Photo: Hungju Lu/Flickr
As Vancouver faces a housing shortage and the city’s population ages, international developer Grosvenor says densification is needed to increase supply for the elderly.
In 2015, seniors (65+) accounted for 13 per cent of Vancouver’s population and that number is expected to rise to 19 per cent by 2030, according to Grosvenor’s Silver Cities report, published Monday.
With a lack of available land in Vancouver, long permit timelines and public resistance, Grosvenor says more high density housing is essential to increase ownership homes and rental supply for seniors.
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“This constraint on space means densification within existing communities is required, especially as there is a strong desire among older people to remain in neighbourhoods where they have established their lives and social network,” writes James Patillo, Managing Director, Development at Grosvenor Americas.
Although there is currently demand for new residential condos in the city, Patillo says there is resistance to these types of developments, particularly in neighbourhoods that need it the most.
“The strong NIMBY (Not-In-My-BackYard) tendencies present in many municipalities means the very people who have reached or are reaching retirement are often the ones opposed to those plans,” he writes.
He adds that many municipalities are not creating specific zones or land parcels for the use of senior housing or a care facility. This in turn allows land prices to escalate, deterring developers from building less profitable seniors housing.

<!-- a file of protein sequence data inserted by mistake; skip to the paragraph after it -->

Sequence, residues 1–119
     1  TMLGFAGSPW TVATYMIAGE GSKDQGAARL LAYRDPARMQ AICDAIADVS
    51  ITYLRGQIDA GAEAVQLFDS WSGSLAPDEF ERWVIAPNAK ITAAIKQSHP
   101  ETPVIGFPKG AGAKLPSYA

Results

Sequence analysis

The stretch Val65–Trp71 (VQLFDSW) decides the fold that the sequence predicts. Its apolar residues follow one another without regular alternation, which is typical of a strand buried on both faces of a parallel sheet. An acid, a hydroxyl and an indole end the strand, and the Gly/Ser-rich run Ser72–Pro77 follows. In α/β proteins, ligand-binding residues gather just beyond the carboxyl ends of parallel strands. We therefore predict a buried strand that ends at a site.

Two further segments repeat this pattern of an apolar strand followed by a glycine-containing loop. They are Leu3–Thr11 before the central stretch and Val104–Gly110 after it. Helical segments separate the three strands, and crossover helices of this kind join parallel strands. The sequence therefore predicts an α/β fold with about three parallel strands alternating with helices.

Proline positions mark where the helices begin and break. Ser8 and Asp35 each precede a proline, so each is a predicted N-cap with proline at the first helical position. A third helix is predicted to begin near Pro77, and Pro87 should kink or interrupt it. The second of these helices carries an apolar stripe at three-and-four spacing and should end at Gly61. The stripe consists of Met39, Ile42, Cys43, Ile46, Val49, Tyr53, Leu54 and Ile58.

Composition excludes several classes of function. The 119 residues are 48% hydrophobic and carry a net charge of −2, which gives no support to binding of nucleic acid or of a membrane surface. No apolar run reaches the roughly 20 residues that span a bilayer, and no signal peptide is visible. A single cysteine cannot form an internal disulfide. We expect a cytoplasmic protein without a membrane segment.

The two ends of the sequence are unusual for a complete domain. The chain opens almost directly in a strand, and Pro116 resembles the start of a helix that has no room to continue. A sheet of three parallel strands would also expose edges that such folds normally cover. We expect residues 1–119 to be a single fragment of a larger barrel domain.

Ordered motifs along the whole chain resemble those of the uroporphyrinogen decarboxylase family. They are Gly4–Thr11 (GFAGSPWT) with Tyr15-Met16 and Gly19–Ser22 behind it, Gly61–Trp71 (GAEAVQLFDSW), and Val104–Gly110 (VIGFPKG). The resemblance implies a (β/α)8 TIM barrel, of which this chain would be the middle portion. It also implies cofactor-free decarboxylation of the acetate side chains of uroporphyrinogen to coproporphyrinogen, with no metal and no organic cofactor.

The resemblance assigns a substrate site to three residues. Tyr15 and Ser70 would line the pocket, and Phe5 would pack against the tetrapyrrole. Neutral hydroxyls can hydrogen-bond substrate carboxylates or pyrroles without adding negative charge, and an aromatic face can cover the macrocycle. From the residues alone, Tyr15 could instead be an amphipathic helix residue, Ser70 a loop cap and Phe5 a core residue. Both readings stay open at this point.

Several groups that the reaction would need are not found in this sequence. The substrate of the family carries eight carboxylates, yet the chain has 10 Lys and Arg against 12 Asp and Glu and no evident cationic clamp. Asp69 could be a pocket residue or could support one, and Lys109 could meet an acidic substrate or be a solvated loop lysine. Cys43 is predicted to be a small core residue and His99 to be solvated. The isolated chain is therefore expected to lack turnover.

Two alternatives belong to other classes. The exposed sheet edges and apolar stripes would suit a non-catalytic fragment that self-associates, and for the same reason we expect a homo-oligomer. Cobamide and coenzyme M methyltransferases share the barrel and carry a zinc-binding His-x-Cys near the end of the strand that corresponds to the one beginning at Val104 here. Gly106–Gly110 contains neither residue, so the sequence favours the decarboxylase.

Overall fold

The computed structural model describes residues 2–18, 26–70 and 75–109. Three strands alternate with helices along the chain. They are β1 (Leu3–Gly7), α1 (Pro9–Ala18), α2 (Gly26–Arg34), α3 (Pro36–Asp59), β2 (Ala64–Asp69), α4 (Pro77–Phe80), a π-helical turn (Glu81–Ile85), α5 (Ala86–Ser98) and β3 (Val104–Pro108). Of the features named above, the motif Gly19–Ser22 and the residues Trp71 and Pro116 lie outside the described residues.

To bring more high density housing to the city, the government will have to find quick solutions to create more supply for downsizers without putting additional strain on existing civil and transportation infrastructure, says Patillo.
Another challenge will be accommodating the increase of seniors in the city’s rental segment — which currently has a vacancy rate below one per cent. Patillo says the government will likely have to assist by possibly rezoning areas for senior-assisted living and care homes.
“The challenge is for municipalities to encourage the construction of more accommodation for both sale and rent, marketed to older people while at the same time meeting demand from the younger generations,” he writes.
Patillo acknowledges that Vancouverites are being more open-minded about densification as the YIMBY (Yes-In-My-Back-Yard) movement is spreading among the younger generations who realize that more high density housing is needed.